“It is well-known that those developing Common Core standards did so without broad public involvement, or meaningful public comment,” Stergios said. “There were no public hearings as the drafts moved along. Ohio parents, teachers and scholars were absent from the proceedings.”
By contrast, Stergios said, the Massachusetts standards support the idea of local control.
“The development of the (Massachusetts) standards and tests was on the front pages of our newspapers for years,” he said. “As a result, parents and teachers had an opportunity to follow and participate in the debate; they saw the controversies; and they could ultimately feel ownership of some very difficult and far-reaching reforms.”
Meanwhile, opponents of the bill and supporters of Common Core argued that the standards do in fact allow for local control and are only meant to provide universal, high standards to ensure students are as prepared as possible.
“Common Core standards were developed by the states, and they’re just standards,” said Ohio Rep. Debbie Phillips, D-Albany, who also serves on the Rules and References Committee. “They’re just the notion that your high school diploma should mean something.”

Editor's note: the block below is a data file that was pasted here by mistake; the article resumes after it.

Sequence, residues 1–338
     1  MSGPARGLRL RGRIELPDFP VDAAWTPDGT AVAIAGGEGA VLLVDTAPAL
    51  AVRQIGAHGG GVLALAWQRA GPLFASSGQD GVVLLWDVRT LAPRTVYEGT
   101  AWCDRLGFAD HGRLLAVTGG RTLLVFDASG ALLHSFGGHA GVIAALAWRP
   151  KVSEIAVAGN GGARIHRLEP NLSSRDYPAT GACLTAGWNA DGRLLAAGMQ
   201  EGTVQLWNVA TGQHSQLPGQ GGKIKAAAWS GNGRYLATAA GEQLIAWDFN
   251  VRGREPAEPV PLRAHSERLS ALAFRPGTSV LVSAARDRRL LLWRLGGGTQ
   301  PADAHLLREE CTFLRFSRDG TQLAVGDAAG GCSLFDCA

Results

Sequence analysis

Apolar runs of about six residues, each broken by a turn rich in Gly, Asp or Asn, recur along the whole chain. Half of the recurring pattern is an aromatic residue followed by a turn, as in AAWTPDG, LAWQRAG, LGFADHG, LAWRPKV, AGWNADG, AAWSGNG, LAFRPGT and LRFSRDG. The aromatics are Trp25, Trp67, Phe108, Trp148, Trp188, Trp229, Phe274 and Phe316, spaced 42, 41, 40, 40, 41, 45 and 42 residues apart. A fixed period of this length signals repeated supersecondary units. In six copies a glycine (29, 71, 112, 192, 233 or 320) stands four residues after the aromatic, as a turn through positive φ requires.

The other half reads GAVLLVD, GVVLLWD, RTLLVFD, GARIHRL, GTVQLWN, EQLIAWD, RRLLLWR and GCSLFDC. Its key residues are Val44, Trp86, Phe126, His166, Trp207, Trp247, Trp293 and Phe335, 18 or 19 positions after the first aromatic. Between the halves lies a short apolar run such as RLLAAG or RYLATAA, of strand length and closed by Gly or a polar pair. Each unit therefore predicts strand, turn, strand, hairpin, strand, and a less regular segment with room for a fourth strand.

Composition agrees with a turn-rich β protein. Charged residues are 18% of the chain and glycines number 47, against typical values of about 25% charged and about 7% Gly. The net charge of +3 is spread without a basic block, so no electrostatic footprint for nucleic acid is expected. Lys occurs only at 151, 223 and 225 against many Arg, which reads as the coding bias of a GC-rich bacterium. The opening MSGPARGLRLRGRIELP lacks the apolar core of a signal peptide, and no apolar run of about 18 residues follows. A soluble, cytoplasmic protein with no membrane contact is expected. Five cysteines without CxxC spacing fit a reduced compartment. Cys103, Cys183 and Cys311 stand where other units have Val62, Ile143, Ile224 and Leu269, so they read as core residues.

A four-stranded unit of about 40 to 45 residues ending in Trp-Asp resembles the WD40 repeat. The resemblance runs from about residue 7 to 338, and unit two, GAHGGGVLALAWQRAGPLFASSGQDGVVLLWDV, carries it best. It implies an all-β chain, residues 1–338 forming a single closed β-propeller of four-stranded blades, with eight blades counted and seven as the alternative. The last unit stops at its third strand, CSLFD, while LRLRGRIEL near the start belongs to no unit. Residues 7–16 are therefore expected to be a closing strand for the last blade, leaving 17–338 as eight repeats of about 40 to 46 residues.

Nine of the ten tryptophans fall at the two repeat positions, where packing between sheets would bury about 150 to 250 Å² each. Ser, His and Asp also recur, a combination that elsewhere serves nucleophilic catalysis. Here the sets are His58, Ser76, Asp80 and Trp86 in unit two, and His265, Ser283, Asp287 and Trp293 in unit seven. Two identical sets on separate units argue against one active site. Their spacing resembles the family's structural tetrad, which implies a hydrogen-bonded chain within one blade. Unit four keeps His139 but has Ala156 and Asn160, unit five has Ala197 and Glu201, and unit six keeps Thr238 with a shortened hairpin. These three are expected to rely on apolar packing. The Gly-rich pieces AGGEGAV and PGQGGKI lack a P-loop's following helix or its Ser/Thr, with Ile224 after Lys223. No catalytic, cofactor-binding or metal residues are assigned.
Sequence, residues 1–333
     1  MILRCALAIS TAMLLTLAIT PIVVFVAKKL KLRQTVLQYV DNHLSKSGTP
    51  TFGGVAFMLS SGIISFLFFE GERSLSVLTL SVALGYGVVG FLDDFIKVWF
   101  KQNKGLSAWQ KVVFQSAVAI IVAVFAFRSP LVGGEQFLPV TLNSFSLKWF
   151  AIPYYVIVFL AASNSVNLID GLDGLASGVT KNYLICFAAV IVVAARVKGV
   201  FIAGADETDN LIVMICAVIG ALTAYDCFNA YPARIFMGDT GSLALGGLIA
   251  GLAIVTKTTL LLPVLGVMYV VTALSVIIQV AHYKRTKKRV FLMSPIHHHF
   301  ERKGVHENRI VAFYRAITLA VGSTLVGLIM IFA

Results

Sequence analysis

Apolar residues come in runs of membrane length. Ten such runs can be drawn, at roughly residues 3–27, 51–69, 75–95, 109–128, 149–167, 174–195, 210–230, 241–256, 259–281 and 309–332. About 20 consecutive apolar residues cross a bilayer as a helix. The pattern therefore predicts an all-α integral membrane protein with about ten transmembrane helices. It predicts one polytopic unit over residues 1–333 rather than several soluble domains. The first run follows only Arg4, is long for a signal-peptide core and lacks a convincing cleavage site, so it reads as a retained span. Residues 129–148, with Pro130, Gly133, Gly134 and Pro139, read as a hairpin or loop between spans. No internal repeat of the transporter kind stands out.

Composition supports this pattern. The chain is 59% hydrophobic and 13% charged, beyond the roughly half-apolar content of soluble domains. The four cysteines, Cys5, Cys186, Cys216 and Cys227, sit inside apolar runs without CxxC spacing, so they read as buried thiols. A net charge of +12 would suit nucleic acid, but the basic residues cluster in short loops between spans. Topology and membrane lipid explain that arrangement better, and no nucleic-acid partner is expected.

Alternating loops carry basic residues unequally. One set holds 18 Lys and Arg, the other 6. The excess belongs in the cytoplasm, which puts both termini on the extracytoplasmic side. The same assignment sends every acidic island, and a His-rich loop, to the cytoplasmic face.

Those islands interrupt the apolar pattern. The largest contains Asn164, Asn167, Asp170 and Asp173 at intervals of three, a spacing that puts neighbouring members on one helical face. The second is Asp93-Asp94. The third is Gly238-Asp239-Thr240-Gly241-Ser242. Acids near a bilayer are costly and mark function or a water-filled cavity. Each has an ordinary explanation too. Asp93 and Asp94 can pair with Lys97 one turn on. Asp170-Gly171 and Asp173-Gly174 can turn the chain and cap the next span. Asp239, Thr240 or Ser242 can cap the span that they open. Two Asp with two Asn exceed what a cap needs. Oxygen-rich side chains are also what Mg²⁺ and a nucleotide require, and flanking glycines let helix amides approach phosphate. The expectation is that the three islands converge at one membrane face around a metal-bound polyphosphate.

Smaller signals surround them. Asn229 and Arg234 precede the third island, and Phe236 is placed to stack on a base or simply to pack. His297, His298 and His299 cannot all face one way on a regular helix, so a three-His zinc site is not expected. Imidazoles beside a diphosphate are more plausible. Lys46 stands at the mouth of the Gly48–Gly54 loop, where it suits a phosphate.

Phillips said she understands that those in opposition to Common Core have some legitimate concerns, but they are often concerns that are not addressed in the new bill.
“People are very concerned about the amount of testing involved, but unfortunately, the bill doesn’t address this,” she said. “We need to look at how tests are driving the classroom and how it’s had a tendency to create a narrower curriculum.”
Phillips also said the proposal to change from Common Core to Massachusetts standards and then to new Ohio standards is too much for educators and students alike.
“The bill would require three sets of standards in four years, which would create a lot of chaos for teachers,” she said. “It would change and change and change again, and it would be disruption in the classroom and create a lot of uncertainty for students.”